BF Review: 1976 BMW 2002 (Our New Baseline)

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Turn your hymnals to 2002. David E. Davis wrote those words over 40 years ago as his opening to what has been since known a the greatest American car review of all time. The car was a small German car that had none off the grunt or the style that American roads were used to. What it did have was “all the cojones and brio and elan of cars twice its size and four times its price”. This was a car that defined not just BMW but what was possible in as small sports sedan. Frankly it defined what we as consumers in the US should demand.

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Fast forward over 40 years and BMW has evolved into a large profitable company that makes a wide range of cars. While we still like most of them (and love a few), there’s no question that many have lost the magic that the BMW 2002 had in abundance. And all have lost that perfectly weighted (and unassisted) steering feel that the 2002 had so effortlessly.

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So we bought one. What better way to judge current and future BMWs than going back to what created the brand as we know it.

From a personal standpoint it’s also reconnecting to my childhood. My first memories of a car were of our 1974 BMW 2002 that served as our family transportation well into the 1980s. It colored my view of what a car should be. And now it will do that again.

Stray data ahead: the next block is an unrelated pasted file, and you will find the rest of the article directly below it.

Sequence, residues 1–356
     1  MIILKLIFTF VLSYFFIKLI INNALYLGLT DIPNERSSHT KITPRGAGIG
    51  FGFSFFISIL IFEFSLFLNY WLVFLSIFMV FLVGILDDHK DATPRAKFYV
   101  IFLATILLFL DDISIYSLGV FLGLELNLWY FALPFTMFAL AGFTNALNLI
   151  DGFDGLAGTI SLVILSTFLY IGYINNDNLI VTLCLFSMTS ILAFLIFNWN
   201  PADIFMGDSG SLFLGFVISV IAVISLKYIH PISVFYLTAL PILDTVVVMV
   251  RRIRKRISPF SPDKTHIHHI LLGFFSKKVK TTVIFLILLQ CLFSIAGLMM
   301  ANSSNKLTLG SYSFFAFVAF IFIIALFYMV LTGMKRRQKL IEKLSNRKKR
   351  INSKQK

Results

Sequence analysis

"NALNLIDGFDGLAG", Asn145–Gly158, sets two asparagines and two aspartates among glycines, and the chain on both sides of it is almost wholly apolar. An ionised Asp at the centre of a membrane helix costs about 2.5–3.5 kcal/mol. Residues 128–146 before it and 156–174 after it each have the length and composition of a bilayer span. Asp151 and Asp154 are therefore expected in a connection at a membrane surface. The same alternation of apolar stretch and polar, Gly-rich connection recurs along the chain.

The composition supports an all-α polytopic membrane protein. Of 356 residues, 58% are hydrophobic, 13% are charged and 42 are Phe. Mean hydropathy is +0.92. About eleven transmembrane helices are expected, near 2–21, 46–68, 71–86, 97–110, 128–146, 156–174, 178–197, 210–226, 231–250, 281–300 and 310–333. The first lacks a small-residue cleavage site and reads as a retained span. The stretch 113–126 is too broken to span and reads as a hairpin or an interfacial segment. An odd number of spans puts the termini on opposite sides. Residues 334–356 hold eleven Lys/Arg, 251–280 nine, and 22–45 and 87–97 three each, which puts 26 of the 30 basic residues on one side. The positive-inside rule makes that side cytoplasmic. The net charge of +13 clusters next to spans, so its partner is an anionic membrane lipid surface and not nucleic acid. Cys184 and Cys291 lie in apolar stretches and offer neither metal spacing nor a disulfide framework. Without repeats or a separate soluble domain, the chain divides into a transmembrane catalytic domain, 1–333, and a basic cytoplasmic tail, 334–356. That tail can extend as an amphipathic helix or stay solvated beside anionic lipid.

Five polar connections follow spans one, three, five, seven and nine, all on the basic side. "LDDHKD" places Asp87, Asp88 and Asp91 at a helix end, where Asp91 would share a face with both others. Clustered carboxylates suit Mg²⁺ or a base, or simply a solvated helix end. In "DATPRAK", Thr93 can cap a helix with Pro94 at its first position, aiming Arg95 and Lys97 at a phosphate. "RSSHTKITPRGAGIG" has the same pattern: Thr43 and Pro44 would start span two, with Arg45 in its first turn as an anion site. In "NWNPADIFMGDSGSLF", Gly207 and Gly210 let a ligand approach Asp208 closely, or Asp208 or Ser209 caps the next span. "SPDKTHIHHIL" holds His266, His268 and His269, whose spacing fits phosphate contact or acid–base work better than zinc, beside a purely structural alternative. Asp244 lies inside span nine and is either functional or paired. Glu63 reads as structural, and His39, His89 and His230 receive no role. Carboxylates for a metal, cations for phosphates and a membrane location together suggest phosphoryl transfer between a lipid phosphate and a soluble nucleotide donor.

The Car

We bought a 1976 BMW 2002. Enthusiast restored and owned, it was extremely well sorted and has had about everything possible replaced on it within the last ten years. Along with new everything it also had a huge list of upgrades:

  • 5-speed transmission conversion
  • Battery relocation
  • Supersprint header and full Ansa sport exhaust
  • Bilstein Sport Shocks
  • H&R lowering springs
  • Tucked front bumper
  • Upgraded halogen headlights
  • Camber plates
  • Stock front & rear sway bars w/ urethane bushings and links
  • Steel braided brake hoses
  • Front and rear strut braces
  • OEM mudflaps (apparently these are super rare)
  • 320i alternator
  • 320i recaro seats
  • Head Gasket (done by Sports Car Restoration in CT)
  • BMW reproduction Coco mats
  • Hella fog lights set up to work with dash pull switch and relays
  • Parker performance console
  • modern cd player w/ infinity speakers mounted under rear seats
  • Momo Indy Steering Wheel
  • E30 basket weave rims

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The best part is how it drives. It’s not at all fast by modern standards. The brakes are a hair above adequate and it takes time to get used to the floor hinged pedal. But taken as a whole the driving the experience is unlike anything else. It is impeccably balanced and transmits every ounce of detail you could imagine from the road to the wheel. It is in a word – alive. And you feel alive driving it.